Lewis Mulligan and the Pandemonium Engine wasn’t an official winner, sadly.

I am still working hard on it to finish it sometime this coming week or two. Follow me on Twitter to keep up with the progress.

45493

That was the big number. 11:59PM on November 30th, that was where I was cut off. I didn’t reach the 50000 goal but I’m still marking this one in the Win column. That’s faster than any other writing I’ve done to date. My prior record was ~30,000 one month while writing Root of the First.

I fell behind early. I got off to a good start, but I went through a few days in the first week where I didn’t do enough to make time to write. So from that point forward I was racing to catch up. I ended up in a burst-and-break pace where I’d crank out around 2000-3000 words in a day (the goal is 1667 per day) and then go through a few 500-800 days in a row. The last day, I jumped from around 40k to the final number, so that’s 20 pages in one day. Not quite enough to close the gap, but even I’m impressed by how much I got done.

On the whole, I’m pretty satisfied with the work I’ve got on the page so far. There are sections that I know I’m going to cut, and others I’m planning to expand later. There are some curiously bad phrasings of sentences scattered throughout that I will need to clean up later.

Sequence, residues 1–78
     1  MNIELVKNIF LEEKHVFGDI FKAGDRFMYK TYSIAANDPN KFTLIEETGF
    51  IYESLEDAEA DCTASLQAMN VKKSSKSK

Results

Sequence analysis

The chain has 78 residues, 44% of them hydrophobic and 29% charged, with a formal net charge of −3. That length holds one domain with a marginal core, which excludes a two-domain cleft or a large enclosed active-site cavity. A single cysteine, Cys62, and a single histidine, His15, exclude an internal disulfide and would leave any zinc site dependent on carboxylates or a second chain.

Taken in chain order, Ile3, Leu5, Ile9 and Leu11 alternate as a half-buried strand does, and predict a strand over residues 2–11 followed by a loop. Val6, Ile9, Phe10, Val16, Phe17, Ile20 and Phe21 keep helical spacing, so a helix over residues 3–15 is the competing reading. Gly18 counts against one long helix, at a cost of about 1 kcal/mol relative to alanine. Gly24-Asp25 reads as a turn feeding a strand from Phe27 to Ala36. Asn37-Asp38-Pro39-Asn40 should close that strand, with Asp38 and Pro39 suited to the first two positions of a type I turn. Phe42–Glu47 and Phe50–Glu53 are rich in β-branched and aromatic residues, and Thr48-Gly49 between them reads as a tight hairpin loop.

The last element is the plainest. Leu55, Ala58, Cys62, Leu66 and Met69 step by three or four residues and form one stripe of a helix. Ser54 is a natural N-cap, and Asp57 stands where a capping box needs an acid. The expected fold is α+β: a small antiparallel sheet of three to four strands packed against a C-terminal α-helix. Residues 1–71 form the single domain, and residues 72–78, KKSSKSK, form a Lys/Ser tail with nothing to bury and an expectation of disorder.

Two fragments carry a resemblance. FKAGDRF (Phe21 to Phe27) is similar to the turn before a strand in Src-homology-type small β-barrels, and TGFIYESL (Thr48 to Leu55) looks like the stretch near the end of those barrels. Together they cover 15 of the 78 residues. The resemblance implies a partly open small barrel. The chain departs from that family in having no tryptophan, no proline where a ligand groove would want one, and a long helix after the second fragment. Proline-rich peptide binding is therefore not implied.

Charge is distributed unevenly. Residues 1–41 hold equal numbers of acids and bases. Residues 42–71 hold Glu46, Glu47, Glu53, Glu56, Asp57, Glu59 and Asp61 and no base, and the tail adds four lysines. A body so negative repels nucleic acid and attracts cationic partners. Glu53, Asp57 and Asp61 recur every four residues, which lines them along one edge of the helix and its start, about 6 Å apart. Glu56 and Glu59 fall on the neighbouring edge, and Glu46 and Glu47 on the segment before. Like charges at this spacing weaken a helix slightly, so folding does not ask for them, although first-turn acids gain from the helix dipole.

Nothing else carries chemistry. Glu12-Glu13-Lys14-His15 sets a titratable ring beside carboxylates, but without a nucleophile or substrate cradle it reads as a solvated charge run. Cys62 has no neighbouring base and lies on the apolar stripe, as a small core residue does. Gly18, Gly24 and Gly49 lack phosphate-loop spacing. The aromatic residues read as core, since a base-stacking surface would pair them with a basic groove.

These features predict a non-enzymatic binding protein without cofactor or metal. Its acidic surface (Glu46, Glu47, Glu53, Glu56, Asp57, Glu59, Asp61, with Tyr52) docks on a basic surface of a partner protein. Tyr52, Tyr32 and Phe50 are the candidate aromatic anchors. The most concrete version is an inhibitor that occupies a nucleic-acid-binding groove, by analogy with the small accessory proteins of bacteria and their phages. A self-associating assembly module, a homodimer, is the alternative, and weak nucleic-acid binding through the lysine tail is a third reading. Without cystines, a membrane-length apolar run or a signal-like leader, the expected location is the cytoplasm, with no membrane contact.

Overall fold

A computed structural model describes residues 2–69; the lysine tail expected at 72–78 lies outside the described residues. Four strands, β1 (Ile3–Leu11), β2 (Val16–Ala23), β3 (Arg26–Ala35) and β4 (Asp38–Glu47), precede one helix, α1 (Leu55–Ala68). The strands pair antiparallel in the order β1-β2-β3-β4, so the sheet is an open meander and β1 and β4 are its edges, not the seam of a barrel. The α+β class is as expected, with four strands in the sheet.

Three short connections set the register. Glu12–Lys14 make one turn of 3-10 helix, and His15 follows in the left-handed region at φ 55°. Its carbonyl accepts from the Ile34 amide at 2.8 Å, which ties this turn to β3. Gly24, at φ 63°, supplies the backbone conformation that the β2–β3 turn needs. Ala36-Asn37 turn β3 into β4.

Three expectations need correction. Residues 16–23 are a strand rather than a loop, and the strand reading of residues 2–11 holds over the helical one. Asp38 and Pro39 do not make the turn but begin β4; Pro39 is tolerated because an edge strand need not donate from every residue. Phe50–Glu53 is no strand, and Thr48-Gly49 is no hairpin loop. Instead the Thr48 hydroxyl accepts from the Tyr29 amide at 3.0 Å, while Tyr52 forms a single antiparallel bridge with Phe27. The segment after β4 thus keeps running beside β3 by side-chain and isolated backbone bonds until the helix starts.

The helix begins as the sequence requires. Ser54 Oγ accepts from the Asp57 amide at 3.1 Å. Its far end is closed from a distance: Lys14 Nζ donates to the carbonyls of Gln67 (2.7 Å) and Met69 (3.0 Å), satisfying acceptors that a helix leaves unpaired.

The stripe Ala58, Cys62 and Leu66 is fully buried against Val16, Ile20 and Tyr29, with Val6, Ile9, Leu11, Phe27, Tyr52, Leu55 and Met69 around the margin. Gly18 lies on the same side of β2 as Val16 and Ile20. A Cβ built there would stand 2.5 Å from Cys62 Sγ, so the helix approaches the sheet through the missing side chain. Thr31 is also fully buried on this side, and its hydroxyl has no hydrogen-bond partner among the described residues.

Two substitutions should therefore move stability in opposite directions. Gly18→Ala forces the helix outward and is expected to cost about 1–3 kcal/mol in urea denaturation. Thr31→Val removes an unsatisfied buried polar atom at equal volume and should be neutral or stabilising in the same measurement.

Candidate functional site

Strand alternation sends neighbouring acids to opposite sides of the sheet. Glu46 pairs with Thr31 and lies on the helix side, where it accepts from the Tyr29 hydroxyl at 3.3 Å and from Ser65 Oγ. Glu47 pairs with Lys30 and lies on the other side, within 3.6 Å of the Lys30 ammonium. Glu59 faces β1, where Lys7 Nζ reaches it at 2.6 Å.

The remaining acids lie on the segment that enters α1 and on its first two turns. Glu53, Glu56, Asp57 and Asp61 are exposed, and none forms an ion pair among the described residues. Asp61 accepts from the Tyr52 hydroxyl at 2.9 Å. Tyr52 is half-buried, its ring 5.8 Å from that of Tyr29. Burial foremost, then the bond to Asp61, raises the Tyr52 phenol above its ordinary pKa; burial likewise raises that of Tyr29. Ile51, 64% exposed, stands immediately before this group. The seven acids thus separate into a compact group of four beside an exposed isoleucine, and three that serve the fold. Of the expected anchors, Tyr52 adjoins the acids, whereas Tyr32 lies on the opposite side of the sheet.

This is a pretty large deviation from my normal writing pace. I usually work steadily at around 1000 words a day, but I make them count. I tend to give a lot more consideration to my words while drafting normally, and that saves me a great deal of time revising because I’ve already got what I want the way I want it, at least as far as line edits go. The place I lose time normally is in the structural editing, where I have to cut, move, or change my carefully worded sections in order to accommodate a shift in plot or pace.

NaNoWriMo has been the opposite. I’m spending far less time than I feel I should on the wording. It’s very dry, and very generic, voice-wise. And I’m not sure the pace helps with my plotting. I gloss over plot holes because I need to move on, but I know from experience that fixing those plot holes in revision will probably mean major edits. It isn’t usually as simple as just editing a few words here and there, or tossing in a sentence to explain something. That’s always the hope, but the reality is that the earlier in the book a structural change needs to happen, the less of the rest of the book you can leave unchanged. Butterfly effect, and all.

The end goal for this book is around the 65000 word mark. I’m thinking I will finish this first draft near the 55000 word mark and expand from there. Needing to expand a revised draft is always a nice position to be in. Certainly better than needing to cut 50000 words like last time!

I anticipate finishing the first draft sometime early this month. For those on the preview list, believe me, you don’t want to see this thing until I’ve gone over it at least once, which means sometime in January.

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